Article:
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Strategy Conception vs. Execution: Gaining True Competitive Advantage

The concept of “business strategy” has different meanings for businesses of different sizes.

To a publicly listed corporate business, strategy means days – perhaps even weeks – of discussion and refinement, focus groups, and motivational slogans. To a start-up business, it could be aspirational, given that everyone is doing everything that they can to survive and build the product and client base.

Would two identically sized businesses with similar products in similar industries be differentiated by the adoption of a different strategy? In other words, is a business strategy a competitive advantage? Business leaders would inevitably say yes, given that strategy is a point of differentiation upon which they often measure themselves or allow themselves to be measured by their board. A director therefore sees the creation and implementation of a business strategy as the value that they bring to the business.

The management team’s view of strategy is not substantiated in business research. There is no positive correlation between strategy, which is influenced by the management team, and the financial performance of the business. One might argue the evidence of absence: that any business that survives does so only because of good strategy because countless others have failed and, therefore, cannot be measured. There are simply too many variables when factoring in the industry sector, customer base, geographic location, macroeconomics, seasonality, and consumer behaviour. Does this mean that a business should forgo its beloved “strat session” where anecdotally, executives take themselves away for a weekend of heavy … thinking?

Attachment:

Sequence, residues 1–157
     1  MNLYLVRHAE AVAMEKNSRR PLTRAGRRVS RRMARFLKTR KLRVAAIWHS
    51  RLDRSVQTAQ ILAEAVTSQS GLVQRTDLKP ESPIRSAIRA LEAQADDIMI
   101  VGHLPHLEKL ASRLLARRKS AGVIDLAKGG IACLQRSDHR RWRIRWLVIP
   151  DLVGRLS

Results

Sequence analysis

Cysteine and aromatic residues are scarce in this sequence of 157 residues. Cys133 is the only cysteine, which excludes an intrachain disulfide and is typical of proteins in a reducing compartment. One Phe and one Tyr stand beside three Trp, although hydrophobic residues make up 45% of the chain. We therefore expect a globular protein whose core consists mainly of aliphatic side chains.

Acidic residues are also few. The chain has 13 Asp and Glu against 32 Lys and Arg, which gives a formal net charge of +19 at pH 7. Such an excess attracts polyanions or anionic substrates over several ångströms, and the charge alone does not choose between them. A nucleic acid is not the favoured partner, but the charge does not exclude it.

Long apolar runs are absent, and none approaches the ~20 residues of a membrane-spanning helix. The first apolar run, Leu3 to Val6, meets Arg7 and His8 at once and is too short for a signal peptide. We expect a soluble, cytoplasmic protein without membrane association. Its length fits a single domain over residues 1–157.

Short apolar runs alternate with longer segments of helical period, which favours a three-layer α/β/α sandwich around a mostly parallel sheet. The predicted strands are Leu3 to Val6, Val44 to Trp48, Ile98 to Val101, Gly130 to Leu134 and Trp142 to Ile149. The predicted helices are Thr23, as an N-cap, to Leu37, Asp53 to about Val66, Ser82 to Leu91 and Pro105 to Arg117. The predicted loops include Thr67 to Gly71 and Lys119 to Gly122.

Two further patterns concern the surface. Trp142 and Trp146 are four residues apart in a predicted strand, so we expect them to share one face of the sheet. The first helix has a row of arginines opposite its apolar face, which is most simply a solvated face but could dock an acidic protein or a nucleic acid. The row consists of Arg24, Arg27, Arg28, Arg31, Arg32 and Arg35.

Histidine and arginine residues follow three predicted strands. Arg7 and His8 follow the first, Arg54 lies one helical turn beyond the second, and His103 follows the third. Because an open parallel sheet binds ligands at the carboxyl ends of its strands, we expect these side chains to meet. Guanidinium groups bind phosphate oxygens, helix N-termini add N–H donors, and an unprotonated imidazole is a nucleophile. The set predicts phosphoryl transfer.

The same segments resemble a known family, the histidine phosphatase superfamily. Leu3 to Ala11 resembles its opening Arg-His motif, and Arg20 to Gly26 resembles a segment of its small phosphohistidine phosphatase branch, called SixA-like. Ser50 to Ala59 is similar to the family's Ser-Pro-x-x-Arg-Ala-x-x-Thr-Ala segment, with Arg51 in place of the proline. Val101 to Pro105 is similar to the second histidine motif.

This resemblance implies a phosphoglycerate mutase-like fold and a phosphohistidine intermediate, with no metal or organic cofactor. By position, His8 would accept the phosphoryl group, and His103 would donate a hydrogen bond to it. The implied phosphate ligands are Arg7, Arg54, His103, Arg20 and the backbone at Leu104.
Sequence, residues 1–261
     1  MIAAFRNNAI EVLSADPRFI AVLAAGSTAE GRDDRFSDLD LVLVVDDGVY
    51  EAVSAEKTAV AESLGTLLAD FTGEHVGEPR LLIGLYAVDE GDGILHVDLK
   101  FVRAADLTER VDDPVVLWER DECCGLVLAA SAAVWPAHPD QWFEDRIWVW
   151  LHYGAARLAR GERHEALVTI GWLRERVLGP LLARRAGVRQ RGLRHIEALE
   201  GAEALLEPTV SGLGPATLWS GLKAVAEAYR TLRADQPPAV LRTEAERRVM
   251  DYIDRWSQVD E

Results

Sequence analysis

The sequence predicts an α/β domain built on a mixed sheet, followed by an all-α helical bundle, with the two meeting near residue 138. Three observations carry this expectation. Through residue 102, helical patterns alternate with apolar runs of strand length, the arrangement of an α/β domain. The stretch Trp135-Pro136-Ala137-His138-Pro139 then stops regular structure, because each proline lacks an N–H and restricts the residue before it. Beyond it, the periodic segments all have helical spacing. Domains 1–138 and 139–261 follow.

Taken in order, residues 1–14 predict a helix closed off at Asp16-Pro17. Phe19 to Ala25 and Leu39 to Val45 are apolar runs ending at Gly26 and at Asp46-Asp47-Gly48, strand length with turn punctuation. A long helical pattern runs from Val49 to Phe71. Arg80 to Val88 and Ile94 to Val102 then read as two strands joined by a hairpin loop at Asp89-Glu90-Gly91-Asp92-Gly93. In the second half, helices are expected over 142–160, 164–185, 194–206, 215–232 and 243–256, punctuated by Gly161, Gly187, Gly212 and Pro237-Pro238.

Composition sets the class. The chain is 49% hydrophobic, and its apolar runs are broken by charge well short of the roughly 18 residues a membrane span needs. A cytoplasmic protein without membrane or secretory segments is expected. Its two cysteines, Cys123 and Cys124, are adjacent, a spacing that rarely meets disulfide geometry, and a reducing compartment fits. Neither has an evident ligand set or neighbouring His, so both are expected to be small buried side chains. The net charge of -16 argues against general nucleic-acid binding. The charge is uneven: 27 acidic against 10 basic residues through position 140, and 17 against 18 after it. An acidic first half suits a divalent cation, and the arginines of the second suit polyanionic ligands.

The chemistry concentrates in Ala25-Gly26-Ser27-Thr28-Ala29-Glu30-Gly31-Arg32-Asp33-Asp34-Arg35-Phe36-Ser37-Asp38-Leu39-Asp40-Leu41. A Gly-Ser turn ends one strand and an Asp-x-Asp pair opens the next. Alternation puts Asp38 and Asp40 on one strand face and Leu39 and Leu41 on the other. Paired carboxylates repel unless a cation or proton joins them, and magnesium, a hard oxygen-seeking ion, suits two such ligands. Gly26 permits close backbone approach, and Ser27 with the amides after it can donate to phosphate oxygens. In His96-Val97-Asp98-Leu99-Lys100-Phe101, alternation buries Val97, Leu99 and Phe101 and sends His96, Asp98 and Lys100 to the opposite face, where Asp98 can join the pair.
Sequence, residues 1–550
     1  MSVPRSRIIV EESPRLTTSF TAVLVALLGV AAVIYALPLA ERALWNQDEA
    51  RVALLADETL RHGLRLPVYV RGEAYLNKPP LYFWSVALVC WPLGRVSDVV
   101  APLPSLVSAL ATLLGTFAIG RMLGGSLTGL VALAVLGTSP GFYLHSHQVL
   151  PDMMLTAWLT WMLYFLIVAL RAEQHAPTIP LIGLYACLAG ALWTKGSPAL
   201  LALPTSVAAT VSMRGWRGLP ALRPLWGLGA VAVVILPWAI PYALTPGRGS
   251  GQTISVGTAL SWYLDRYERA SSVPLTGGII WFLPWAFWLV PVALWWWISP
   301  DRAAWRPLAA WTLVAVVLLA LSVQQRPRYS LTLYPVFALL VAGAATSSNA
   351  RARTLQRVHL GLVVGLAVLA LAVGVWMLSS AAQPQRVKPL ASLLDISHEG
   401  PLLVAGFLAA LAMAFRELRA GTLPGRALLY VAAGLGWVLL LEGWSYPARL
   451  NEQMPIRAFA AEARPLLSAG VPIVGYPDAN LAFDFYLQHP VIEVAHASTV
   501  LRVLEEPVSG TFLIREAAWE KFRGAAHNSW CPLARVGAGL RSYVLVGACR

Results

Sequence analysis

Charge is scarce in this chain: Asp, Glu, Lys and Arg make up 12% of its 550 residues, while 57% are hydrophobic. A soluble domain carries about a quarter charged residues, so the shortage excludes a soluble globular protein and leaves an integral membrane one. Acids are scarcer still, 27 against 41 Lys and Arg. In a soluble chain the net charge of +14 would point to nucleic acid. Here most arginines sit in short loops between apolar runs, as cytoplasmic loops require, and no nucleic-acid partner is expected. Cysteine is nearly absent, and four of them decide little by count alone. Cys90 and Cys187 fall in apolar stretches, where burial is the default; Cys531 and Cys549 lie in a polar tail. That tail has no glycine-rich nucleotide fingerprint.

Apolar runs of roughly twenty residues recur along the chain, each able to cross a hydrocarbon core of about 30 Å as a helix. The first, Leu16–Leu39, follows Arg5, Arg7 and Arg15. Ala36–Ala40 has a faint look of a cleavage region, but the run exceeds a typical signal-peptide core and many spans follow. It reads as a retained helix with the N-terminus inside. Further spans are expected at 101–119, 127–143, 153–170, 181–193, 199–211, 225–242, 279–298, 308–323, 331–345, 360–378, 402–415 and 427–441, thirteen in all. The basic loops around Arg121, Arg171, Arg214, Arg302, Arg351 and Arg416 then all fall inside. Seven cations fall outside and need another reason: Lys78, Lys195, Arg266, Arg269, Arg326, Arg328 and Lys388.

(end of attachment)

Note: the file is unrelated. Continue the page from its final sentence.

The answer is that you can set a strategy relatively easily and intuitively in an afternoon with key role players in the business and feedback from the customers and suppliers. This process will be superfluous, though, if the moment that it has been completed, the product is printed, bound, and put in a drawer. The competitive advantage comes from the execution of a strategy, not its conception. A poorly conceived strategy, well executed, will trump one that languishes in the cabinet in the boardroom.

How do you effectively implement a strategy? Here are 12 thoughts (adapted by the author from Jeroen Kraaijenbrink’s The Strategy Handbook) to make the case for execution, and while it is not an exhaustive list, any business that follows these will benefit from the journey:

  1. Think about it. Often the strategy document is crafted in business shorthand that contains acronyms and corporate jargon. Translate it into easy-to-understand next steps.
  2. Do it. Focus on what needs to be done next and then do it. Hold team members and the management team accountable for delivery.
  3. Don’t fiddle. Great chefs know this. Be confident in the team’s ability to get the next thing done without entertaining more iterations of the same idea.
  4. You can’t have everything. Make tough decisions, make them early on, and be decisive.
  5. There is no perfect way to do it. Micromanaging your team will not make the task go any faster. Find good people and empower them to do it.